3 Benefits of Experiential Learning
Many students apply to college because they think they can learn a lot from their classes and teachers. That's true, but many colleges also offer hands-on experiential learning to their enrollees. These invaluable opportunities, which include internships and research assistant positions, allow you to directly practice what you're learning. Here are three ways in which experiential learning can actively benefit you.
You'll Confirm Your True Interests
There's a big difference between enjoying something in a classroom and actually implementing it every day as a part of your career. For example, just because you like the biology and chemistry classes you've taken doesn't necessarily mean you enjoy them enough to go to medical school. Shadowing a doctor can help you more comfortably make this decision.
Or perhaps you're torn between working for an environmental startup or an institutional software company. Classes aren't typically available that might give you a sense for what working at each would be like. So, a summer internship in both nonprofit and corporate environments would help you decide between the two and find where you'd thrive. Plus, there's always the chance that you'll discover new interests through experiential learning too! You never know what other options are out there until you try exploring them.
You'll Learn How to Take a Risk (and Potentially Rebound)
The standard classes you take in college are carefully structured and clearly broken up into syllabi so you know exactly what you need to do in order to get a specific grade. By contrast, experiential learning puts students directly into less predictable situations, where they'll have to think on their feet, be reactive, and take the initiative. In short, it puts students into the sort of riskier situations they'll face in real-world, post-college jobs (but with fewer consequences).
This unstructured approach can help to make you more comfortable taking risks and can also impart hard-to-teach concepts, like dealing with failure and uncertainty. Not being able to predict the outcome of an experiential opportunity is the point, as you won't be able to predict the results of any other real-world experiences, and the more exposure you have here, the more easily you may be able to rebound in the future. Even a disappointing learning opportunity is, in itself, something to be learned from.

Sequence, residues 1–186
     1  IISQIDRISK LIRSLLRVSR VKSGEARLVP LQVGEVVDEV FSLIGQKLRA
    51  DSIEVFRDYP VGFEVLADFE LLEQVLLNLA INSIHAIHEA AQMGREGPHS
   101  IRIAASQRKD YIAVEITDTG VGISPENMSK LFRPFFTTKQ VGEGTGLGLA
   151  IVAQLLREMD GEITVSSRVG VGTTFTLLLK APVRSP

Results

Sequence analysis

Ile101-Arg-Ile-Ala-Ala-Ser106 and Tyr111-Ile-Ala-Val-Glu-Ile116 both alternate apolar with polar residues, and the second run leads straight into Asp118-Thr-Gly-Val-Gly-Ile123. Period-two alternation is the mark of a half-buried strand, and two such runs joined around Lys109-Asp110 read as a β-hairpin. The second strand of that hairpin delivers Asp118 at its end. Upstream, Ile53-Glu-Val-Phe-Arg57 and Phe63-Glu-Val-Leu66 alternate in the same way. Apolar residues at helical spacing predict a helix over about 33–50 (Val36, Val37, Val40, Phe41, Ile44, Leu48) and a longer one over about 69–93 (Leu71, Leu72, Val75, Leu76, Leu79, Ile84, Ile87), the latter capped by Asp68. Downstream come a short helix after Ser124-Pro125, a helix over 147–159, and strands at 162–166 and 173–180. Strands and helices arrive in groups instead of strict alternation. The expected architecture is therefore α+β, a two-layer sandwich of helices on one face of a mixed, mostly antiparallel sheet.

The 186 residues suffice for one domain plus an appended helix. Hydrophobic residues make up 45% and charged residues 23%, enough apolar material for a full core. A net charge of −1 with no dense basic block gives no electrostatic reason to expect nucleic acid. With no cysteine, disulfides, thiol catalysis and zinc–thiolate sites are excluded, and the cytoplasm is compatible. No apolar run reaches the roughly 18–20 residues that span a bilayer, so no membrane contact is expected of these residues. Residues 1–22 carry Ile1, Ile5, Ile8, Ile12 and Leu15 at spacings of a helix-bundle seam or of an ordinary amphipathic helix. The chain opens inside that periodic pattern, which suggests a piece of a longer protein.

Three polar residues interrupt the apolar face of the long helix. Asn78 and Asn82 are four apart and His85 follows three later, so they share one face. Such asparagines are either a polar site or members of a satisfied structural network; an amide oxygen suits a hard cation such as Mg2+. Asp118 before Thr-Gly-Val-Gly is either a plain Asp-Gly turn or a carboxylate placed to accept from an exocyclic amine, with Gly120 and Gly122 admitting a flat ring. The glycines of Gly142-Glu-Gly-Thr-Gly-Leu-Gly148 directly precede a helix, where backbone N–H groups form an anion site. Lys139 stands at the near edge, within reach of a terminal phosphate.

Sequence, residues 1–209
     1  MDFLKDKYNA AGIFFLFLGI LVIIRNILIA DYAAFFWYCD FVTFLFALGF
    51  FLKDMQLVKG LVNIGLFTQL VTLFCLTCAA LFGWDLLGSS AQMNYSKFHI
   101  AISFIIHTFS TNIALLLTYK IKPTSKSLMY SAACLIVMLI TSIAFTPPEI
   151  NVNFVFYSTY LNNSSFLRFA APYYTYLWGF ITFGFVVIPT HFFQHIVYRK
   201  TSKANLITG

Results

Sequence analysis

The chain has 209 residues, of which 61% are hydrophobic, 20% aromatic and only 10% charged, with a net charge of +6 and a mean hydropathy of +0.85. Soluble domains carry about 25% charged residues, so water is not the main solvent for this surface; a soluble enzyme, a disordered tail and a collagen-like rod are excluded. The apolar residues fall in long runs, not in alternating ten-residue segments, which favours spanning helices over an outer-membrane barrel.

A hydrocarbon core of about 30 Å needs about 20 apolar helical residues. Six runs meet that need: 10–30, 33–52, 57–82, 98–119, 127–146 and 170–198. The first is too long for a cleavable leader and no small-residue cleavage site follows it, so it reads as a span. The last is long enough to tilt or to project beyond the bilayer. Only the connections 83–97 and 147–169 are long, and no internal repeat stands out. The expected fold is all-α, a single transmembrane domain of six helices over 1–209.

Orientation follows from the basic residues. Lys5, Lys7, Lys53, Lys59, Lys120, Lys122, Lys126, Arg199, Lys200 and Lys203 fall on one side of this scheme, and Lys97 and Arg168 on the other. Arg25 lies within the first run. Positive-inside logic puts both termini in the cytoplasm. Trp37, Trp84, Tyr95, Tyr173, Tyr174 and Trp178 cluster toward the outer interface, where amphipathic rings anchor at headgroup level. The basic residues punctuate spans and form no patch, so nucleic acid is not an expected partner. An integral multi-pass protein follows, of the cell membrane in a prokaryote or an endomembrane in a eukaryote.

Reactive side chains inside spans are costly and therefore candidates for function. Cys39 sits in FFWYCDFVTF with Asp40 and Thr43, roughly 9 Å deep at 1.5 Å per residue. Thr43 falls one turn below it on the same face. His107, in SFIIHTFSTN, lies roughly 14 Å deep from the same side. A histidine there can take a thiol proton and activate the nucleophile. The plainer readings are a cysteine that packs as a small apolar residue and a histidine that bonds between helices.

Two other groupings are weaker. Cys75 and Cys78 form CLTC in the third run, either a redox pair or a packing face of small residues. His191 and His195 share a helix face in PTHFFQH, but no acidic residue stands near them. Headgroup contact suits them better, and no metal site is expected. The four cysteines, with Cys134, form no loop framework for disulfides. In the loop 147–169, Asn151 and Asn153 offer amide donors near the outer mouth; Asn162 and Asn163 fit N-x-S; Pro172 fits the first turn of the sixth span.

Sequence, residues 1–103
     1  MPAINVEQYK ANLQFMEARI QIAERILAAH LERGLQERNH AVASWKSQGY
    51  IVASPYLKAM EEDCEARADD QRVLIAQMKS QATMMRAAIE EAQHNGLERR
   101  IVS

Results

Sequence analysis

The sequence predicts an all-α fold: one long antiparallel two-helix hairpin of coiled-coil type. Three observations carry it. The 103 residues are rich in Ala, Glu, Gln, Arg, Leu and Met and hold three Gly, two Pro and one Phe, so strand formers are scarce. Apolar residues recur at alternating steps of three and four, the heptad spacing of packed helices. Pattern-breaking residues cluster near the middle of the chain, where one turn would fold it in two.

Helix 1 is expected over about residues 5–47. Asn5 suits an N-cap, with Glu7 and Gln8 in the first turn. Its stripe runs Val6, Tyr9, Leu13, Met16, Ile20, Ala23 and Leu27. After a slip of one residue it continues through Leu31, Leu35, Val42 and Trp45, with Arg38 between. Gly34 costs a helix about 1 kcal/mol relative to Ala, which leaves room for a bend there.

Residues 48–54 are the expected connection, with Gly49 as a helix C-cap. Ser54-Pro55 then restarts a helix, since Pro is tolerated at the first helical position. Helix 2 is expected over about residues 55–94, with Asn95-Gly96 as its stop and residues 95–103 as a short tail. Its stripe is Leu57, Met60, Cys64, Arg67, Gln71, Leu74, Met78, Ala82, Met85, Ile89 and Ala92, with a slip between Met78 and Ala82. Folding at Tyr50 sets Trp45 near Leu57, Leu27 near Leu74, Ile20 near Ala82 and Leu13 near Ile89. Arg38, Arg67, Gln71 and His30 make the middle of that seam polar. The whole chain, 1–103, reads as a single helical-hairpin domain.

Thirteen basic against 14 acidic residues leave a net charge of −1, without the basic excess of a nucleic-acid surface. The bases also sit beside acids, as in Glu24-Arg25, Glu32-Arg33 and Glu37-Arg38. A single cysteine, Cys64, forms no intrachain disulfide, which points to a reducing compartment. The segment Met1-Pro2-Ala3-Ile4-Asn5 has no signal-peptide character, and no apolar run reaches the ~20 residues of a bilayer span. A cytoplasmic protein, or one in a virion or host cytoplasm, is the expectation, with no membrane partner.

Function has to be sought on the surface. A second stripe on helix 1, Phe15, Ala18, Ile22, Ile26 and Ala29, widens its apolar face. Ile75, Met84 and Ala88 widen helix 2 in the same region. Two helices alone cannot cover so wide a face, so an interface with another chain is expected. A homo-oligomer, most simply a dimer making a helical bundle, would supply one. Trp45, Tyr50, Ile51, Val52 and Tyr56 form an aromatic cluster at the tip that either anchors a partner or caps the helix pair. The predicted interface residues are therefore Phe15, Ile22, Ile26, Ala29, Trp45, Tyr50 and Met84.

You'll Talk More Efficiently About Your Skills
Snagging a post-college job will almost always come down to articulating your skills during an interview and concretely demonstrating them on your résumé. Take some time to self-reflect in order to prepare for questions you may face during an interview: What did your hands-on experience teach you that the classroom couldn't? Where did you see your classroom knowledge work for (or against!) you in a different setting? While you may leave the classroom with the knowledge you need to succeed in a job, you won't know how to answer these questions until you've already put that knowledge to the test through some experiential learning. Maybe you've studied journalism, but until you landed an internship working with a magazine, you didn't see the overall scheme of how something goes from a draft of an article to a printed publication.
The same goes for representing your skills on paper. With your résumé, you'll be able to draw clear ties between your college classes and the experience you've gained in the field. With an internship or other experience, you'll be able to more clearly highlight the skills you've learned and how you've been able to use them in real-world situations.
In short, think of experiential learning as your chance to learn French by conversing with natives in Paris as opposed to just studying from a textbook. It's more authentic, more engaging, and can be so much more enlightening. Keep in mind that it never hurts to look at what experiences a school has to offer before you apply. For help on that, check out our Best Value Colleges rankings, where we break down schools' Bang for Your Buck, including the availability of experiential learning.